• The Board of Accounts generally charges lower audit fees than private-sector accountants. However, the Board of Accounts will not prepare the statements.  There may be some savings in hiring a private sector accountant to prepare the GAAP statements and have them audited by the Board of Accounts. The Board of Accounts’ willingness to take on the project may depend on their workload, so it is prudent to contact them and get a commitment as early as possible.
  • The Board of Accounts can be asked to waive the requirement if the waiver will be in the best interests of the county, city, or town.  

Our firm is especially well suited to answer questions and assist counties, cities and towns interested in GAAP financial statements. Our principal accountant, Curtis L. Coonrod, is a member of the GFOA Special Review Committee, which reviews ACFRs nationally. Formerly an assistant national director of government accounting for a national CPA firm, Coonrod has participated in the preparation of hundreds of governmental GAAP statements. – [Click his name to view Curt Coonrod.]

See Indiana Code regarding GAAP statements below.

* IC 5-1-11.5-4 Application to certain counties and municipalities

     Sec. 4. This section applies only to the following:

(1) A county that has a population of more than one hundred thousand (100,000).

(2) A municipality that has a population of more than seventy-five thousand (75,000).

Notwithstanding any other law, a county or municipality subject to this section may not issue bonds after June 30, 2020, unless the county or municipality has for its preceding budget year prepared an annual financial report using the modified accrual basis of accounting in accordance with generally accepted accounting principles. However, upon request of a county or municipality to the state examiner, the state examiner may waive the requirement under this section if the state examiner determines that a waiver is in the best interest of the county or municipality.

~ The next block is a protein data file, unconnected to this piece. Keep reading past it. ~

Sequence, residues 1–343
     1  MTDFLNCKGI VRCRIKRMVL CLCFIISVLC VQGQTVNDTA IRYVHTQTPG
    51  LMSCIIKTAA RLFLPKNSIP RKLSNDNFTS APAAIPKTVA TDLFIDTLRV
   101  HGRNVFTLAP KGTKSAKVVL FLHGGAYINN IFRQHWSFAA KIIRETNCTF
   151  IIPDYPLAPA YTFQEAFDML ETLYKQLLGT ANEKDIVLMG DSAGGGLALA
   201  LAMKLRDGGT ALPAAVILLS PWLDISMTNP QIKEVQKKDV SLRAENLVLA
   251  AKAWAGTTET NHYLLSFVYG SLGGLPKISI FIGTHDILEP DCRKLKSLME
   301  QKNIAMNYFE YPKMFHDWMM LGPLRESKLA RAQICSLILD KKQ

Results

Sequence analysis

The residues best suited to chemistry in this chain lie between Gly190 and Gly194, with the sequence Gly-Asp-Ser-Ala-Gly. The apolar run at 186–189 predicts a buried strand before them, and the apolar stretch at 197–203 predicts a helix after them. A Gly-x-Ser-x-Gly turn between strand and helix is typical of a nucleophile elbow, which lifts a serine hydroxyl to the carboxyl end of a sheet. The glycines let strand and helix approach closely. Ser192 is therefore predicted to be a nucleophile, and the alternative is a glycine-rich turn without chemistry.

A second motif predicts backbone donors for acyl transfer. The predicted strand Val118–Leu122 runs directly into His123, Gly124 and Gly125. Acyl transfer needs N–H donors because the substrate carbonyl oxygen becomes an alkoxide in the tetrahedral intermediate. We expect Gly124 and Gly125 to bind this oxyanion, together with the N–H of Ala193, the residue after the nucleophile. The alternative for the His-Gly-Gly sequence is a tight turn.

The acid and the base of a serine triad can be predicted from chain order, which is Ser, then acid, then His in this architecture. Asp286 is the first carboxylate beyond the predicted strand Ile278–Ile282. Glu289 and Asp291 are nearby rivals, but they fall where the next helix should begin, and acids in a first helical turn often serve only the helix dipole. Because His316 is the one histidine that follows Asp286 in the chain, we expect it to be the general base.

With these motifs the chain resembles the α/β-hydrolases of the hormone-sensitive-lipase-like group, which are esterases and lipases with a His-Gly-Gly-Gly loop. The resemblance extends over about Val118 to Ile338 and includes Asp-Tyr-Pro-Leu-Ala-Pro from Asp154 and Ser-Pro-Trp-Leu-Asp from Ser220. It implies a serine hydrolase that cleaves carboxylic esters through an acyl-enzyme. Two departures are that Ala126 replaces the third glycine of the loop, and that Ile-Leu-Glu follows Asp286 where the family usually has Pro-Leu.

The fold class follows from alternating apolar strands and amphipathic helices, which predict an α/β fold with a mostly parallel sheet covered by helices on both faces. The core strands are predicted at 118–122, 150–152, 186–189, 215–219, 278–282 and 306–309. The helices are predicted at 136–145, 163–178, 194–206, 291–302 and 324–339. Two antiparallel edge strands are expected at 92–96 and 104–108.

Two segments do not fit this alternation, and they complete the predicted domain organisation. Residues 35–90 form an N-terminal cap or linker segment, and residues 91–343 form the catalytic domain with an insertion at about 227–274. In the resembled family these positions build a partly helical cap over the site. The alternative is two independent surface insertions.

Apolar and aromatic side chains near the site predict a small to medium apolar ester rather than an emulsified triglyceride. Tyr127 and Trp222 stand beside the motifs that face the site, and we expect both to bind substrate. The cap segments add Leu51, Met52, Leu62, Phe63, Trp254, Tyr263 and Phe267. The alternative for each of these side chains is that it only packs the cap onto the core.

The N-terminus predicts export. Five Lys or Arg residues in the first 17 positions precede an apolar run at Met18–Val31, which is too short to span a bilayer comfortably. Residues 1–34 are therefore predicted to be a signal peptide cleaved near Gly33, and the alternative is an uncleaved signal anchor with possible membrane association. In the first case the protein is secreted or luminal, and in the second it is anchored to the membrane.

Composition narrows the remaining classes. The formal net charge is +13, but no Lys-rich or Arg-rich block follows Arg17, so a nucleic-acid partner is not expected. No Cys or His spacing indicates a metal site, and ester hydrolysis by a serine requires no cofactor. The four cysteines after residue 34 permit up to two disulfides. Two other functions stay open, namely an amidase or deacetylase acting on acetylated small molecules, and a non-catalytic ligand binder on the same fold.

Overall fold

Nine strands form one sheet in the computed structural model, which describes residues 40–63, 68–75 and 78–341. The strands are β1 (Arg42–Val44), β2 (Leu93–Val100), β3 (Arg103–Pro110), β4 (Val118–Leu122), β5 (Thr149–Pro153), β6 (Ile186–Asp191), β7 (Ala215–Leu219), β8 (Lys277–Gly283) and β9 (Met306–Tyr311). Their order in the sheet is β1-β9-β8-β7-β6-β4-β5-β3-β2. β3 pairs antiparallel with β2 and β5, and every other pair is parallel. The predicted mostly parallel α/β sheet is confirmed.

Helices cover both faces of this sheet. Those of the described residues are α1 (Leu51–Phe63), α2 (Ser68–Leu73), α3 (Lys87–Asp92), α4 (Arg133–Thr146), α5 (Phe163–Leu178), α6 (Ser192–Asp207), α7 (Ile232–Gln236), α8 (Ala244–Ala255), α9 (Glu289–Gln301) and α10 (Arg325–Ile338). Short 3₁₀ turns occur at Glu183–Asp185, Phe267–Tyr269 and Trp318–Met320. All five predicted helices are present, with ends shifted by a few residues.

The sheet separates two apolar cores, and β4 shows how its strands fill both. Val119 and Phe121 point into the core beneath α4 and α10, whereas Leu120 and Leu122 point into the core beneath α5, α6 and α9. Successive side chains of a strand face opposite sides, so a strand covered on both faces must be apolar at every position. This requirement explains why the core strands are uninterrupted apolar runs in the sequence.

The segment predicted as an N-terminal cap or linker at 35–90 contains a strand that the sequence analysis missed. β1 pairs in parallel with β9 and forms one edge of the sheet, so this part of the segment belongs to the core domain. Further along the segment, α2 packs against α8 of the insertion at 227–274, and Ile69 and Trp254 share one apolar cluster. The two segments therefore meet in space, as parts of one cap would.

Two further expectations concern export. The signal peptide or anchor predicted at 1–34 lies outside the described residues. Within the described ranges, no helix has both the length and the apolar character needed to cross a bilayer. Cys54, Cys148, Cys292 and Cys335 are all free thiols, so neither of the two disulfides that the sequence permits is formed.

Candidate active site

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If you have questions or would like further information, please contact us at: Coonrod@Coonrodcpa.com

This article is intended to provide information of general interest to local government officials in Indiana. The information is not guaranteed to be applicable or appropriate in particular circumstances. Local officials should consult competent professionals before acting on any information contained in this article. We are not attorneys. Advice of a legal nature should be sought only from qualified attorneys.

We inform you that any U.S. federal tax advice contained in this communication (including any attachments) is not intended or written to be used, and cannot be used, for the purpose of (I) avoiding penalties under the Internal Revenue code or (ii) promoting, marketing, or recommending to another party any transaction or matter addressed herein.